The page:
Turning milk into cheese may not be as miraculous as water into wine, but the transformation in taste bud impact can be almost as intoxicating. At least water and wine are both liquids - cheese is a whole other state of being.
Now think about turning Georgia grass into cheese. If you're a farmstead cheesemaker like Rebecca Williams at Many Fold Farms, that's exactly what you do every day, with major contributions from a herd of sheep. It's the sheep on Rebecca's farm that chew up the grass, take in its nutrients and flavors, and are then kind enough to share the milk that derives a good deal of its character from that Georgia grass. Without the grass, no sheep. Without the sheep, no milk. Without the milk, no cheese. Luckily, Georgia is benefitting from a growing group of zealot cheesemakers eager to shepherd that transformation from the grass and hay on their farm to the cheese on your table.
Most of the farmstead cheesemakers that now call Georgia home inhabit a band that stretches east and west around Atlanta. Not far from where I-20 hits the Alabama border, there's the Capra Gia Cheese Company and their four breeds of goats. A bit closer to Atlanta, into the verdant Chattahoochee Hill Country, you come across Many Fold Farms and their many, many sheep. Just barely outside the perimeter on the south side of town, Mary Rigdon and her goats make what is Atlanta's most local farmstead cheese at Decimal.Place Farm. To the east, a bit past Athens, you'll find Nature's Harmony Farm and their Jersey cows in Elberton. Finally, south of Augusta, Flat Creek Lodge manages to combine a dairy farm, cheesemaking, and a hunting and fishing lodge all in one place on the outskirts of Swainsboro. The proximity of all of these cheesemakers to the Atlanta market makes it (relatively) easy for them to tap into Atlanta's popular farmers markets, as well as the restaurants and cheese shops in town that put an emphasis on providing quality local products.
While further afield, Sweet Grass Dairy is clearly the big steer of Georgia cheesemaking, way down yonder in Thomasville. Sweet Grass can be excused their almost-in-Florida locale, now that they've reached their twelfth year of turning out the award-winning cheeses that put artisan Georgia cheese on the map. And despite their national presence, Sweet Grass still views the South as their primary market. Jeremy Little, owner and cheesemaker, said they wouldn't be where they are today without the support of Atlanta restaurants and cheese shops. And given their humble beginnings, Sweet Grass also welcomes the many newcomers now making cheese in Georgia, especially those with a strong stance on responsible farming and a commitment to showcasing great milk. "Georgia is like a blank slate for cheesemaking — especially since here in south Georgia we can have cows grazing lush pasture year-round. We try to capture the character of the southern Georgia soil, how milk produced by these cows that are eating these grasses in this part of Georgia influences the cheese. Overall, it's great to see newcomers. We welcome anyone who is working to improve the culinary landscape in the South."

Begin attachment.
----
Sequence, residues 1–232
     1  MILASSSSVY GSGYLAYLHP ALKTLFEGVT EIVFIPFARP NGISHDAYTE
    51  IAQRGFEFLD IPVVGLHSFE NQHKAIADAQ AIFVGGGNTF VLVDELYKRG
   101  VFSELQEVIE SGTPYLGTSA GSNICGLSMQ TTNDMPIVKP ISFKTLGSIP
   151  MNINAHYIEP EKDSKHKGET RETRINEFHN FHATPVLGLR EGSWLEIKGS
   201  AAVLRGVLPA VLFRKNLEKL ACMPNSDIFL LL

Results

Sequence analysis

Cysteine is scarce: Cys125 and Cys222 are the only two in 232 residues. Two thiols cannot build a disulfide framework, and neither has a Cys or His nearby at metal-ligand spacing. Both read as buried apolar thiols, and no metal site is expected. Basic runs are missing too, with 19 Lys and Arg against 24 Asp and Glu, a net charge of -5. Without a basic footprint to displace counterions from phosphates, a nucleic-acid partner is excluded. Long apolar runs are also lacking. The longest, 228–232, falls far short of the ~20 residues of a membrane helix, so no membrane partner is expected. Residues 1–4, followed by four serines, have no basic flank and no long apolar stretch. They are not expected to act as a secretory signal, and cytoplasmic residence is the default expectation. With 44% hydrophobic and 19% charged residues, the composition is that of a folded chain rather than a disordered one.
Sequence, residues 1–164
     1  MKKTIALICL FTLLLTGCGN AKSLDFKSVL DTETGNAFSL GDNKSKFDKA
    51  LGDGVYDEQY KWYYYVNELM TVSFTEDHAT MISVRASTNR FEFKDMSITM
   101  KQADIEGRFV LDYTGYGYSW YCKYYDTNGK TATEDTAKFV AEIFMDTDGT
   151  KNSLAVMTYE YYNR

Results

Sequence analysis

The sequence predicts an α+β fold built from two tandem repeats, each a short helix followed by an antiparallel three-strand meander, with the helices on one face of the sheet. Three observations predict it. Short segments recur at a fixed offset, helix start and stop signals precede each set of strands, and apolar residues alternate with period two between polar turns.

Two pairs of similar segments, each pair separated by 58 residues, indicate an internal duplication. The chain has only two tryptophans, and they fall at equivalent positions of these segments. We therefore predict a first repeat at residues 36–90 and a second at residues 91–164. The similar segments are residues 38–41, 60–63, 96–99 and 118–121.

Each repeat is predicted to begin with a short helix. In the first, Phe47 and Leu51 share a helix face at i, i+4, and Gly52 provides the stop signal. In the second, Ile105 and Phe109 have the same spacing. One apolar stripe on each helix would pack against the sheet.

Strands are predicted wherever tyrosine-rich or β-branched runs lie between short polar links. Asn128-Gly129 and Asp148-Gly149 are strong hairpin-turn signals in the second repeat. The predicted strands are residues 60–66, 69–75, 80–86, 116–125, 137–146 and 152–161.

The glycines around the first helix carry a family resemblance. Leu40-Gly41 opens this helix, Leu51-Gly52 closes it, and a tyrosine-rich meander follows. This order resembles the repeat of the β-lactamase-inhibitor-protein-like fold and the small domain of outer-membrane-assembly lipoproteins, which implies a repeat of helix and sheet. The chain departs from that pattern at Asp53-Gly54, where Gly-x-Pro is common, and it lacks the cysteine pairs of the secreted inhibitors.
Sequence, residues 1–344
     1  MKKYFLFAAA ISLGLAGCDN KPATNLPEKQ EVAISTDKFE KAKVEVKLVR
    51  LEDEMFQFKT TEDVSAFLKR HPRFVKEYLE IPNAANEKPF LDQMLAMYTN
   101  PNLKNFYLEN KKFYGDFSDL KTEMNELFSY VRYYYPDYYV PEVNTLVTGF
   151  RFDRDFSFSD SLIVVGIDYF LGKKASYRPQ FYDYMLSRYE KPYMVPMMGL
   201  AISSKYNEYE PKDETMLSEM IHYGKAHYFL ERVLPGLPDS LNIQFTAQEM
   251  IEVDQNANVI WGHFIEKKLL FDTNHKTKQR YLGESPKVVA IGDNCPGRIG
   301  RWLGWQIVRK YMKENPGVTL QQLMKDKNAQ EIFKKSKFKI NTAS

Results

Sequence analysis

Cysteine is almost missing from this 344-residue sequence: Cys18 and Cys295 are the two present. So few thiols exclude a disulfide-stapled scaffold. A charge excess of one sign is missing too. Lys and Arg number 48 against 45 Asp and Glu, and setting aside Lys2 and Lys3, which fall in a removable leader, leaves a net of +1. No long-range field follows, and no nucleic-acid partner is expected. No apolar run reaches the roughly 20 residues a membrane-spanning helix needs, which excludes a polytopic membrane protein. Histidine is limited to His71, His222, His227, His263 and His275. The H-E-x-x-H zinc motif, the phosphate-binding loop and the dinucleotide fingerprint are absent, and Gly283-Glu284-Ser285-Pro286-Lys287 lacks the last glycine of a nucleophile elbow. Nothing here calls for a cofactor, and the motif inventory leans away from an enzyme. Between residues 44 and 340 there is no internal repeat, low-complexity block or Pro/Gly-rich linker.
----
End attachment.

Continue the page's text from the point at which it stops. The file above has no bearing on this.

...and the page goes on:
The culinary landscape certainly seems attractive at Nature's Harmony Farm in Elberton, where Tim and Liz Young recently won a ribbon from this year's American Cheese Society awards for their rich and nutty Fortsonia Gruyere. They joined Sweet Grass Dairy and Flat Creek Lodge as winners hailing from Georgia, and Nature's Harmony is another example of a cheesemaker who is as much about the animals and the land as it is about the cheese. In fact, Tim has written a book — The Accidental Farmers — that details the challenges of moving from suburbia into the full-time life of starting up and managing a farm. Liz and Tim even host an amiable, almost weekly "farmcast" (available free on iTunes) to discuss the trials and tribulations of life on the farm. Typical quote? "Our life is a little different, isn't it?" (preceded by an in-depth discussion of animal birthing schedules).
Life on the farm, tending to a herd of dairy cattle or a flock of sheep, caring for the land they live on — it all adds up to hours both early and long. But it's not until the cheesemakers get their fresh milk that the actual cheesemaking can begin. Once the milk is present, a whole other bevy of things have to come together — deciding whether or not to pasteurize the milk*, having the knowledge and experience and equipment to actually make the cheese, having the space to properly age the cheese and the time to do so, and having the perseverance to see it all through from start to finish, over and over again. Maybe, just maybe, with all those things in harmony, something glorious will come of the land. Something like Many Fold Farm's Garretts Ferry, a remarkable taste of the farm being made not too far from the traffic and tumult of the city.
Oh, this is sad.
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